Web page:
• Gifts of Cash: The CARES Act allows taxpayers who take the standard deduction to make up to $300 of charitable contributions to qualified charities. Itemizers can deduct up to 100% of adjusted gross income. As of now, this only applies to 2020.
• Stock or Securities: Make a gift of stock or securities to Agassiz Village and avoid capital gains tax on the appreciation of your stock. Please call Lisa Carter, Executive Director, at 781-860-0200 ext.1006 to make your stock gift.
• Individual Retirement Account: If you or a family member are 70½ or older with an individual retirement account (IRA), you can make a tax-free gift to Agassiz Village directly from your IRA. This is called a qualified charitable distribution. Through the SECURE Act you can transfer any amount up to $100,000 per year directly to a qualified charitable organization without paying income tax on the distribution.
• Donor-Advised Funds: Give through your donor-advised fund to maximize your impact. Your fund sponsor handles all record-keeping, disbursements, and tax receipts.
Social Emotional Learning (SEL) at Agassiz Village
Since 1935, Agassiz Village has offered industry-leading programming that fosters the development of pro-social competencies in underprivileged, urban boys and girls through an immersive residential recreational camp experience. By integrating an adapted nationally recognized Social and Emotional Learning (SEL) curriculum, we are able to capitalize on its clear language, objectives, and approaches in nurturing happy, healthy, and kind kids. Additionally, we are able to use the SEL model to provide opportunities for kids to reflect on their growth over the course of their stay at camp.
What is SEL?
Research has confirmed that social and emotional learning (SEL) is the process through which children and adults acquire and effectively apply the knowledge, attitudes, and skills necessary to understand and manage emotions, set and achieve positive goals, feel and show empathy for others, establish and maintain positive relationships and make responsible decisions.
The ability to accurately recognize one’s emotions and thoughts and their influence on behavior. This includes accurately assessing one’s strengths and limitations and possessing a well-grounded sense of confidence and optimism.
The ability to regulate one’s emotions, thoughts, and behaviors effectively in different situations. This includes managing stress, controlling impulses, motivating oneself, and setting and working toward achieving personal and academic goals.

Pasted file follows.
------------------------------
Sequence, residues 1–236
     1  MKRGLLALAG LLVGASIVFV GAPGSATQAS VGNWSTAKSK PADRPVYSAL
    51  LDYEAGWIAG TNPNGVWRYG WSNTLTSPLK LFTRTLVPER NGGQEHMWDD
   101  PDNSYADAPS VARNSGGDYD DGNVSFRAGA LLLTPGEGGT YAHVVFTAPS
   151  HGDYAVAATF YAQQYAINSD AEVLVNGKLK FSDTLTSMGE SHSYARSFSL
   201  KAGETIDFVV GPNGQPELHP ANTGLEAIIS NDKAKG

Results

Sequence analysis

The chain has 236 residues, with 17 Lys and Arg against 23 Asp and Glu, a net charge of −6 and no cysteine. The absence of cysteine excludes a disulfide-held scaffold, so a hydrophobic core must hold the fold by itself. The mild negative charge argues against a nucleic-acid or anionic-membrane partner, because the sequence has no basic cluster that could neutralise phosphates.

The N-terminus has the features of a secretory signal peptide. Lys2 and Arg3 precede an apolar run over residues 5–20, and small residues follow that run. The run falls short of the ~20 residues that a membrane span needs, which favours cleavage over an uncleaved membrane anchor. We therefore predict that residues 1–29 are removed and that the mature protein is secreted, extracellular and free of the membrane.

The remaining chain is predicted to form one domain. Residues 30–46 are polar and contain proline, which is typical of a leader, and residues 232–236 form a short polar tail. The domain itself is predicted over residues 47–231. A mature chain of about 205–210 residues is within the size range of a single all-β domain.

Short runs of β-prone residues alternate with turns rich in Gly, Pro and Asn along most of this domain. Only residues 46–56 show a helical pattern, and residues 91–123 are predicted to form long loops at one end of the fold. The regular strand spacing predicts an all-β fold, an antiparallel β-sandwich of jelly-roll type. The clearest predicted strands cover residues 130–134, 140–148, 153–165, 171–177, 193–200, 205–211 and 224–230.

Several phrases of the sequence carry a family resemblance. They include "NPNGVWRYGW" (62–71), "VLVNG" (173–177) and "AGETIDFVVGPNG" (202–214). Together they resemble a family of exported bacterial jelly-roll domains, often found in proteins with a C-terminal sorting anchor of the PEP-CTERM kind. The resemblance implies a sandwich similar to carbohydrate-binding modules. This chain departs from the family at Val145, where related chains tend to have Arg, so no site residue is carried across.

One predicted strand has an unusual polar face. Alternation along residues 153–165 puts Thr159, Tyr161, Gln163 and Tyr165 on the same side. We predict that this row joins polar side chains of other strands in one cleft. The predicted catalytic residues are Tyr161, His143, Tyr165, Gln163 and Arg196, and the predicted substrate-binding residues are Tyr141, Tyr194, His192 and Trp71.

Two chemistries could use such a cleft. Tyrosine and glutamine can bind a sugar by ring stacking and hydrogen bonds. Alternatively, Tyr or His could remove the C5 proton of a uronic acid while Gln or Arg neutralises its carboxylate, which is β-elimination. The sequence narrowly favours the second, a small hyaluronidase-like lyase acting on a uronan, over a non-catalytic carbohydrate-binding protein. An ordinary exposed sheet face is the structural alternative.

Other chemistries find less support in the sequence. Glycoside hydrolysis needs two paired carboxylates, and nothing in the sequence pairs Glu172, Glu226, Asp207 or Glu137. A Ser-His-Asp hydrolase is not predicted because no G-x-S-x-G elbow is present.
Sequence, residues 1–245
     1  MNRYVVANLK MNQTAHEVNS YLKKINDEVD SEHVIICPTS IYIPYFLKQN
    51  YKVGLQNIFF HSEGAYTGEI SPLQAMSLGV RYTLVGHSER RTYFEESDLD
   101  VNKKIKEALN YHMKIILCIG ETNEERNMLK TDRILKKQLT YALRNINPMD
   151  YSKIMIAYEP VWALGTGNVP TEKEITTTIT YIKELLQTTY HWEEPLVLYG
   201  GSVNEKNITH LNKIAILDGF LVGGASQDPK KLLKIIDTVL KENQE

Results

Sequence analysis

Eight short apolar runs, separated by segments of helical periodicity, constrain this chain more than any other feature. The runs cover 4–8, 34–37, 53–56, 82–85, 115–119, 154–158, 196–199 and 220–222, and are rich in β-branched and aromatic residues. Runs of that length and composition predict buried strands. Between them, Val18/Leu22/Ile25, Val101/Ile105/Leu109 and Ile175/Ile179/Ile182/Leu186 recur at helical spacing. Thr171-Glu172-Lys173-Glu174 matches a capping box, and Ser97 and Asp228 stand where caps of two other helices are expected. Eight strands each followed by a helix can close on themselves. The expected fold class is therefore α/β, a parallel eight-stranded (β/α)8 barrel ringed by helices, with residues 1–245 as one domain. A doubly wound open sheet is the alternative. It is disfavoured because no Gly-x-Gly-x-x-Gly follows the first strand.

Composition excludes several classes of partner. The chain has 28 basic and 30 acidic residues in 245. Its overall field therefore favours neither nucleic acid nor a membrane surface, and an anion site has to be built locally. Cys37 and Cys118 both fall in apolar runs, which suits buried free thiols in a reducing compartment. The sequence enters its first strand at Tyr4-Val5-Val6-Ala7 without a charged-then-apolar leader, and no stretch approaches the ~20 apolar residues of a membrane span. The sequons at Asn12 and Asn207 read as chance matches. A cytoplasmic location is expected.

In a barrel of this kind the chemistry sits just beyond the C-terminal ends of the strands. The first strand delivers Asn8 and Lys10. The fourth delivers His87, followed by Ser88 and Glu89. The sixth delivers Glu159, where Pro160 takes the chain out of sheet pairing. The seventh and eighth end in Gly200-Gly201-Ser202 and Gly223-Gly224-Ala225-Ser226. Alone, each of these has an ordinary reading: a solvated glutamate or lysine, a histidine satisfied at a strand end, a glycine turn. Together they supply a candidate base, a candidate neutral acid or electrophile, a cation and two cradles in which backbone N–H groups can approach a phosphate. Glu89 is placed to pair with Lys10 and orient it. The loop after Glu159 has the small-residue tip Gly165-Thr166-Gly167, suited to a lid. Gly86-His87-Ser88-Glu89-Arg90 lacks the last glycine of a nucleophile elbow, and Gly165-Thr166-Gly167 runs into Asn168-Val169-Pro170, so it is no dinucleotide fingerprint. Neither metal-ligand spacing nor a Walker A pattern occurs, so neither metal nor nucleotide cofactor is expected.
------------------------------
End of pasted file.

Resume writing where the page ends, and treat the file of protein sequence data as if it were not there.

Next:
The ability to take the perspective of and empathize with others from diverse backgrounds and cultures, to understand social and ethical norms for behavior, and to recognize family, school, and community resources and supports.
Responsible decision making
The ability to make constructive and respectful choices about personal behavior and social interactions based on consideration of ethical standards, safety concerns, social norms, the realistic evaluation of consequences of various actions, and the well-being of self and others.
Our SEL program focuses on 4 skills:
is the key to success at Agassiz Village
By providing safety, the security of programmatic routine, competent and caring staff, and the opportunity to live, learn, create, and play with peers and adults from diverse backgrounds, Agassiz Village transforms the worldviews and social–emotional capacities of its campers. Agassiz Village offers a horizon-expanding experience that inspires socio-emotional growth of its campers through a wide range of recreational activities from arts and crafts to field games to swimming and boating. Only an overnight summer camp setting can provide the immersive community experience to achieve a truly transformative experience for these deserving campers.
With the integration of Social and Emotional Learning (SEL), Agassiz Village’s mission gains clarity, our program goals become measurable, and our campers’ lives are transformed.
Application of the adapted SEL curriculum to all aspects of our camp life last summer significantly helped us in our effort to measure the effectiveness of our program and better define our camper experience. This first major step to intergrate SEL at an overnight summer camp has yelded very positive and exciting reviews and data. The data allows us to see clearly how campers develop in each SEL area, and how the dynamics of a group experience over the course of a two-week camp session impact each child's SEL development. This provides invaluable data for making improvements in programming, approaches to counseling, and empowering campers to take stock in their own growth and exercise their agency in becoming their best selves.